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A Must-See Landmark – Philadelphia City Hall

Yes, you read this right – Philadelphia City Hall is not just a location for administrative and legal business in Philadelphia County. It’s a true historical landmark that every Philadelphia resident and visitor should experience at least once.

Philadelphia City Hall

Constructed from 1871 to completion in 1901, Philadelphia City Hall (originally named “The New Public Building”) was the world’s tallest habitable building until surpassed by the Singer Building in 1908, and remained the tallest building in the state of Pennsylvania until 1932, when the Gulf Tower in Pittsburgh took over the title. It was designed by Scottish architect John McArthur, Jr.

Consisting of nearly 700 rooms, Philadelphia City Hall is the largest municipal building in the United States, (and one of the largest in the world). The building houses three branches of government:

  • Executive
  • Legislative
  • Judicial Branch’s Civil Courts

The building is located in Center Square at the intersections of Broad and Market Streets, in the exact geographical center of William Penn’s original 1682 plans for the city of Philadelphia.

The Statue

Philadelphia City Hall is topped by a 37-foot, 27-ton bronze statue of city founder William Penn, (one of 250 sculptures created by Alexander Milne Calder that adorn the building inside and out), and is the tallest statue atop any building in the world.

The statue’s creator originally desired that the statue would face South, so as to ensure that the statue’s face and detail would be lit by the sun for most of the day, but instead it faces northeast, looking toward Penn Treaty Park in the Fishtown section of the city, where William Penn made a treaty of friendship with the Native Americans in 1682. There are some who suspect that the reason for this may be that by the time the statue was actually placed atop the building, it was already considered to be out of style by the current architect on the project in 1894.

Penn’s statue is hollow, and a narrow access tunnel through it leads to a 22-inch-diameter hatch at the top of the hat.

Interesting fact: During the 1990s, whenever one of Philadelphia’s four major sports teams was close to winning a championship, the statue was decorated with the jersey of that team.

Gentleman’s Agreement

The original intent of the building’s designer was that Philadelphia City Hall would be the tallest structure in the world. But this was not to be, as by the time of its completion, its height had already been surpassed by the Washington Monument and the Eiffel Tower, which were erected during City Hall’s construction.

It remained, however, the tallest building in Philadelphia by the terms of a gentlemen’s agreement that forbade any structure from rising above the hat of the William Penn statue on the top of the building. In 1987, the gentleman’s agreement was broken when Liberty Place was completed.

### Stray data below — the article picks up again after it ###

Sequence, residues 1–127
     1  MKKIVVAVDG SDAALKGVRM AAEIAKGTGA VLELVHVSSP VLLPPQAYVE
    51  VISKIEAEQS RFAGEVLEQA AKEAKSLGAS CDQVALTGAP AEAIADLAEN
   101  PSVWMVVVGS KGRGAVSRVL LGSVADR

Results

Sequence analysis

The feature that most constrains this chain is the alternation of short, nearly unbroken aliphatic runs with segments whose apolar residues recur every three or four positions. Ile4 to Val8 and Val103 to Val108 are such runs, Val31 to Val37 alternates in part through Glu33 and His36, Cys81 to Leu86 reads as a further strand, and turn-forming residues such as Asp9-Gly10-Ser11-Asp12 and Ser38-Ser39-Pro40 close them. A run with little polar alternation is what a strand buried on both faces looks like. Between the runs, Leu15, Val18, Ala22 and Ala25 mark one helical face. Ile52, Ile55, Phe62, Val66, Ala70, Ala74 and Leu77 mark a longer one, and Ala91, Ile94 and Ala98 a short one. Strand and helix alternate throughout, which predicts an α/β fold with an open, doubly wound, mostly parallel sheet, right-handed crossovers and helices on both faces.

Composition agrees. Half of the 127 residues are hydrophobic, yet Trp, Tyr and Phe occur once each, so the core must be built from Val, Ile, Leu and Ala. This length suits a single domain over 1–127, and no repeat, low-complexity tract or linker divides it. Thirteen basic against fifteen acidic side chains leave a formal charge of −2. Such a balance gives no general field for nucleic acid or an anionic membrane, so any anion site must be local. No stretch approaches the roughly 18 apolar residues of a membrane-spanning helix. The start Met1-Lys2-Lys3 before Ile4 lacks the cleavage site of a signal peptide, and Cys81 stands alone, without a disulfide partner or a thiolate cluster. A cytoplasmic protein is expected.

The Clock Tower

On all four sides of the tower’s metal portion are massive clocks, each measuring a full 26 feet in diameter. The Philadelphia City Hall clock tower is even larger than the famous Clock Tower at the Palace of Westminster.

The Observation Deck

Located directly below the base of William Penn’s statue, Philadelphia City Hall’s observation deck resides some 499 feet above street level, and affords visitors a stunning view of Philadelphia. It is accessed via a 6-person elevator which has glass panels so visitors can see the wooden superstructure inside the tower. The observation deck was at one time enclosed with chain link fence, but now uses glass enclosure for optimum viewing.

There’s so much historical significance and architectural beauty in the Philadelphia City Hall building – one can only behold such a magnificent landmark with awe and appreciation. If you have never had the chance to see this site for yourself, we highly recommend it as a must-see location.

Transportation to Philadelphia City Hall

Philadelphia Limo Services has been providing transportation services in the Philadelphia area for more than 20 years, and we greatly appreciate the opportunity to share our city’s renowned historic landmarks with residents and visitors.

We are familiar with all of the area’s traffic patterns and most reliable routes for traveling to our city’s unforgettable locations, and we invite visitors to consider our car or limousine services when touring any of these historically significant sites. Even if you don’t have any immediate plans for touring the city, you can get an easy online rate quote with no obligation whatsoever, just to see how affordable it can be to experience the history of Philadelphia – without lifting a finger.

Get your fast, simple, no-obligation rate quote here…

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A Must-See Landmark – Philadelphia City Hall

Client Testimonials

Check out what our clients have to say about their experience with us.


My company had an international artist picked up at JFK and dropped off in Philadelphia, and the artist had the best time. The driver kept in touch with me throughout the day, so we could plan for arrival, and our artist had the most wonderful experience with the driver. That’s really astounding considering our artist had just gotten off a red-eye from across the world. Thank you so very much!

Meredith S.


Our driver arrived a few minutes early, was professional, courteous and got us to the airport for our early morning flight without any problem! The car was immaculate and comfortable. I especially liked the 24 hour and 2 hour trip notification that was sent via email. It was reassuring to know they were following up. I highly recommend Corporate Sedan for any transportation needs!

Celeste C.


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